In “The Book of Joy” by the Dalai Lama and Desmond Tutu with Douglas Abrams, they refer to the eight pillars of joy: the four qualities of the mind (perspective, humility, humor and acceptance), and the four qualities of the heart (forgiveness, gratitude, compassion and generosity).
Pillars of joy
Let us reflect on three— perspective, compassion and generosity—from the frame of this Sunday’s Gospel, the multiplication of the loaves and fish in John.
Perspective: We see two in the Gospel, the perspective of Philip and of Andrew. Philip was the half-empty glass mindset, while Andrew was the half full.
Philip thought it impossible using a logical yet limited perspective, i.e., purely on human terms. Andrew saw an opportunity in the little that they had in the young boy. He broadened his perspective, and perhaps had the faith, that if they start somewhere or with something and bring it to Christ, they can address the challenge.
The change in perspective allowed Andrew to trust Christ and bring something into the situation. Then the miracle could and did happen.
The same is true in our life. Perspective makes a world of difference. It does not call us to be reckless or irrational, but it calls us to trust in God’s grace after we have done what we could possibly do.
This change of perspective is best exemplified by the Blessed Mother in the Annunciation. After questioning, clarifying with the Angel Gabriel who, in the end, says, “With God all things are possible,” Mary entrusted herself completely to God’s will and mission for her.
Compassion: This, likewise, requires a change in perspective. Let us look at another interpretation of this Gospel story.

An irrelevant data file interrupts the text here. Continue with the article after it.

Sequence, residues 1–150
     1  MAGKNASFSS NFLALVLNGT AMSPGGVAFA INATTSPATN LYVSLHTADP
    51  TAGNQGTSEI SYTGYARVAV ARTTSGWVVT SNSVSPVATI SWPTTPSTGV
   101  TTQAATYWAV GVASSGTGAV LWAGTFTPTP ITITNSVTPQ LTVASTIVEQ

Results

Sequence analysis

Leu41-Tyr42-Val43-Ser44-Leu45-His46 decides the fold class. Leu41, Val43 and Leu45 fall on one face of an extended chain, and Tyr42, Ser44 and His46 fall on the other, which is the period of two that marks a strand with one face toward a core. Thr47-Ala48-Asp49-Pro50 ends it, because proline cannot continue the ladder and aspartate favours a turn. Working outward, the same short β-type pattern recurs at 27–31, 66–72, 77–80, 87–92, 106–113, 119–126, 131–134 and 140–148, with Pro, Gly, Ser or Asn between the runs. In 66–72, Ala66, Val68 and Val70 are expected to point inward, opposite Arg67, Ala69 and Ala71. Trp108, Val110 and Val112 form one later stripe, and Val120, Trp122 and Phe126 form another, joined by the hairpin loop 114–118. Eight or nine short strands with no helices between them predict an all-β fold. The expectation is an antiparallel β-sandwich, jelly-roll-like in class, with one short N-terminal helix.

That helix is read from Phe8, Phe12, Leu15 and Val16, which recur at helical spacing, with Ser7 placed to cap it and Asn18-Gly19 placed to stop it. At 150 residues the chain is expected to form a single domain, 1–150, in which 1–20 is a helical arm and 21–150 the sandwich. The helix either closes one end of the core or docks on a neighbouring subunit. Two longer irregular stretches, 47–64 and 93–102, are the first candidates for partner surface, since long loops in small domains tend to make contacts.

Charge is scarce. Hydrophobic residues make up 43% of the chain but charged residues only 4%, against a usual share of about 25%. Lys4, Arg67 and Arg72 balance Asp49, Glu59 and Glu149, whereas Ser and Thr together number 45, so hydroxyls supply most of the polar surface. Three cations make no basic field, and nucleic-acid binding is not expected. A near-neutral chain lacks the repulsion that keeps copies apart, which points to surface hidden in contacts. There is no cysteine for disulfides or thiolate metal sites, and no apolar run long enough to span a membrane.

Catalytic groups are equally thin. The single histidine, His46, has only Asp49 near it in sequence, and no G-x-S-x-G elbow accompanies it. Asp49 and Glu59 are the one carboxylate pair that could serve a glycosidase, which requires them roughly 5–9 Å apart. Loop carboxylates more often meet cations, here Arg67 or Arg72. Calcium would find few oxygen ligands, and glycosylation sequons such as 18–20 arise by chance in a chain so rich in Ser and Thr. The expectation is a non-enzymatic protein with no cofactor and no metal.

The other interpretation of this Gospel is that there was no actual physical multiplication of loaves and fish, but because of Christ’s teaching—remember that they had sought Christ and were listening to him the whole day—the people shared what they had with those who did not have any food.
The miracle happened because Christ evoked compassion from the people, and their eyes were opened to the needs of the people around them. They shared their food and this sharing of the food, breaking bread together, is a powerful symbol of a shared humanity and the prefiguring of the Mass of the Eucharist.
The right perspective that leads to compassion, the fusing of the two, becomes the seedbed for generosity. The synonym of generosity often used by St. Ignatius of Loyola is magnanimity.
Magnanimity, magna anima, the great soul. It is the nobility of soul and spirit that comes from compassion. It is the greatness of soul with which we share with others, with one another “the little that we have”—our five loaves and two fish, our widow’s mite. “Truly I say to you that this poor widow has put in more than all; for all these out of their abundance have put in offerings for God, but she out of her poverty put in all the livelihood that she had.” (Luke 21: 3-4)
It is the invitation to share everything we have until our common ground becomes our shared humanity.
In Jung’s paradigm, the anima represents the authentic inner self of the person, and also the feminine part of the male which leads to the wholeness of the person. Magnanimity is thus the greatness of this authentic inner self; an authentic wholeness which is our integrity as a person.
It is an apt and timely reminder for us to change our perspective, grow in our compassion, and be magnanimous in our action.
Renewing the sense of our shared humanity characterized by compassion for one another inspires the greatness of soul in all of us.
In many traditions, to share a meal is to welcome each other, to share in each other’s life. In today’s Gospel, this is characterized by generosity, the magnanimity that made the thousands share with one another. –CONTRIBUTED